A garden oasis and cultural center overlooking the Hudson River

Forest Project XXXVI: Come and Gone!

Victoria Thomas was one of the four Forest Project Crew Leaders this past summer. She is a recent graduate of Hobart and William Smith Colleges. She led her crew’s restoration efforts on the northernmost site of Wave Hill’s Herbert & Hyonja Abrons Woodland. For more than three decades, Wave Hill has offered a paid summer internship program for high school students, giving them an opportunity to gain hands-on field and academic experience as they learn about urban ecology.

The summer ended as quickly as it started for the high school students participating in Forest Project at Wave Hill. They learned to identify and remove invasive plant species that are common throughout the woodland, such as garlic mustard, porcelainberry, and mugwort. Interns also learned different techniques for erosion control. In addition to all their work in the field, they went on several field trips, listened to amazing speakers who are leaders in their fields, and took college-level courses.

Interns worked in groups of six on four different sites in the woodland. First-year interns collected data about the trees and plants found on their sites. They created a final project based on their data collection and what they learned in the “Restoration of NYC’s Natural Areas” academic course. These projects were presented at the Woodland Ecology Research Mentorship (WERM) program graduation, as pictured here. (WERM is a 14-month program for high school students to conduct field research with working scientists.)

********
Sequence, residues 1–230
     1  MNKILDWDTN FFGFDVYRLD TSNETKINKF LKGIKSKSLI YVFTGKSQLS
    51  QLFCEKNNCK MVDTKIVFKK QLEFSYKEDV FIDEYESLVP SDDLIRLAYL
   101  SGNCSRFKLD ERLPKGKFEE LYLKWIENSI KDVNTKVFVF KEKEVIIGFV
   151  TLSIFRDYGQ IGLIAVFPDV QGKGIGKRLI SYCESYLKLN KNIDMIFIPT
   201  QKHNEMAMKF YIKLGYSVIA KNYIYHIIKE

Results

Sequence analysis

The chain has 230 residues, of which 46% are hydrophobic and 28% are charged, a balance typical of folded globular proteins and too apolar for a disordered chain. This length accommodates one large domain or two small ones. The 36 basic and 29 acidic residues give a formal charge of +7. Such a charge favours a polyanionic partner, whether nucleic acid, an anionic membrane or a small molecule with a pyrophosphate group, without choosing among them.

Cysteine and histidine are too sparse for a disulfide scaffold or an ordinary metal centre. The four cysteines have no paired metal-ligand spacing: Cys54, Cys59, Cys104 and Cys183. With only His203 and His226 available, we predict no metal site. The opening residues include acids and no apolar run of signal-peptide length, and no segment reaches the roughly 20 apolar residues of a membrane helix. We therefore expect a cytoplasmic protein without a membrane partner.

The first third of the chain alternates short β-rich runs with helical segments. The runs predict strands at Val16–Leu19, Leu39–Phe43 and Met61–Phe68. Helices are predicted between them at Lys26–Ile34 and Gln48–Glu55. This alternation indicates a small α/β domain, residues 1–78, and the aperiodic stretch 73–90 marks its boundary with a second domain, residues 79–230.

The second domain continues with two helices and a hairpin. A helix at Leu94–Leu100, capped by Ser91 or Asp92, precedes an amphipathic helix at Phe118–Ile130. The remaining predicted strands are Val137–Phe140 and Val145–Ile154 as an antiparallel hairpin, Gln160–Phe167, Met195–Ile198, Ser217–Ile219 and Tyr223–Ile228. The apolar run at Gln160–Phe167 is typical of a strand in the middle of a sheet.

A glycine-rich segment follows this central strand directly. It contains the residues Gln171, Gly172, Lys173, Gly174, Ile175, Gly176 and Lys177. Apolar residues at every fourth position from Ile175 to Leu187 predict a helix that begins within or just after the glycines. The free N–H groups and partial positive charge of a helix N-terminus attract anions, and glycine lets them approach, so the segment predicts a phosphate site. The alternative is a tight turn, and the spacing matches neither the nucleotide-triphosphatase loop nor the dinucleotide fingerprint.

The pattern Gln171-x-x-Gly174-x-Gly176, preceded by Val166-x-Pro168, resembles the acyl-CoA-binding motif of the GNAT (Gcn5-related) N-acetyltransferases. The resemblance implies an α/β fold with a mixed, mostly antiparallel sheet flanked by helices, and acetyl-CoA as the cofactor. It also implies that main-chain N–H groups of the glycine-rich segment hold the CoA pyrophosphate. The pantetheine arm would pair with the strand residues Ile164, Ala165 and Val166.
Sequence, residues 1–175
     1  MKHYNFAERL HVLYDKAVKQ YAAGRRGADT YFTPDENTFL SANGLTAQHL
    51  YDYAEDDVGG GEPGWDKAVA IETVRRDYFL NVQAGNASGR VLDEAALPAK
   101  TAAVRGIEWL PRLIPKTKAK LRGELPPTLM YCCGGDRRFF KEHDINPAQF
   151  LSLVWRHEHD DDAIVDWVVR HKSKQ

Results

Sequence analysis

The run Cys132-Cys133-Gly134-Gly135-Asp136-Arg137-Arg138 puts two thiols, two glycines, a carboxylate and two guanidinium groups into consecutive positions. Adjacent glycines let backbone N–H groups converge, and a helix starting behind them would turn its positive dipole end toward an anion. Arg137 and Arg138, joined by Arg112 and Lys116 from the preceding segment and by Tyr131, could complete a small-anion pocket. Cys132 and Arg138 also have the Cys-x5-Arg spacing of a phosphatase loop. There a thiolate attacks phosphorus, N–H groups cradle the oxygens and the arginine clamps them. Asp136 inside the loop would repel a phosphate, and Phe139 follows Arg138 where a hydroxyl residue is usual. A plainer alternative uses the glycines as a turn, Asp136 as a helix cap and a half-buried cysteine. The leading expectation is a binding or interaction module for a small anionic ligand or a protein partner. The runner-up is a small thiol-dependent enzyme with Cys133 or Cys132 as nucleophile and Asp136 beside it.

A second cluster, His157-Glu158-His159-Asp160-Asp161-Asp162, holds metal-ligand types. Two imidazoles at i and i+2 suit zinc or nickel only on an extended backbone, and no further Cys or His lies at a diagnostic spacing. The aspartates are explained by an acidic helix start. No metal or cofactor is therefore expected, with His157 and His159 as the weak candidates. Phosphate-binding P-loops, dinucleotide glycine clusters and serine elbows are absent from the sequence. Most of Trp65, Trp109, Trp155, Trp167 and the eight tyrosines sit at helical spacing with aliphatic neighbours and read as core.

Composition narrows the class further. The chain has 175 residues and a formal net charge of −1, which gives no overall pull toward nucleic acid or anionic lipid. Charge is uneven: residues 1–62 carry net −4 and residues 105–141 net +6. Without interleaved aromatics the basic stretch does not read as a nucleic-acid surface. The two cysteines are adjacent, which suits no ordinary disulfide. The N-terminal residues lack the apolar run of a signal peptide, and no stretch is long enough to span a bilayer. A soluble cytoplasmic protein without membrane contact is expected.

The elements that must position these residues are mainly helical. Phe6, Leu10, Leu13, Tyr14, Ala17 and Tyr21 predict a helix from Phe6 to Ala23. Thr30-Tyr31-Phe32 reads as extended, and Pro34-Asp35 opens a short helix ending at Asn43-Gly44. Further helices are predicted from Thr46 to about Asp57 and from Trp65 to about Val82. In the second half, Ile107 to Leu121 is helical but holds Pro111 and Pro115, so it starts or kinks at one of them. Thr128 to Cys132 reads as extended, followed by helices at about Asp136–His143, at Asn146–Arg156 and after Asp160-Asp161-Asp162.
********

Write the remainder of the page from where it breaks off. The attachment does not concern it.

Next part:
The second-year interns took the GIS academic course, “Mapping NYC’s Urban Environment: An Intro to GIS,” where they learned how to create and analyze spatial and geographical data.Data-Collection

They, too, presented their work during WERM graduation with creative topics, and intriguing maps.

All interns also took their learning beyond the walls of Wave Hill—they went on a few, fun field trips as well! They went to Ward Pound Ridge, Van Cortlandt Park, Pelham Bay Park and Inwood Hill Park. At Pelham Bay Park, they learned survival skills and canoed on the river. On other trips, interns went hiking, learned about the history of the parks and helped remove invasive species. This next shot was taken as we canoed with park rangers at Pelham Bay Park.Pelham-Bay-Park-Trip

Throughout the summer, interns had the opportunity to meet several guest speakers who work in ecology: Susan Antenen, the founder of the Forest Project; Eric Sanderson, a landscape ecologist working for the Wildlife Conservation Society at the Bronx Zoo; Ferdie Yau, a partner in the Gotham Coyote Project and a dog trainer; and Bill Young, a landscape architect and wetland specialist. These speakers gave the interns new perspectives on environmental and restoration work.


As the last days of the program approached, interns worked on improving the woodland trails. It was challenging. They fixed the trails by adding, replacing and lifting logs—which they brought to the site themselves—and mulching the paths.

As a celebration for their hard work, Barry Kogan, Wave Hill’s Senior Manager of Youth Programs and Woodland Initiatives, hosted a BBQ at Pelham Bay Park. On the very last day of the program, they also celebrated their achievements by having a potluck full of culturally-diverse foods and drinks.

It was a bittersweet day in August when most of the interns said their goodbyes to their Crew Leaders and the Youth Programs staff. But, if asked to name five invasive species, interns would answer Victoriapromptly: they have learned a lot during their seven-week journey here at Wave Hill.

This last shot is of my crew—that’s me front and center with the braids. Just seeing it now brings back good memories..

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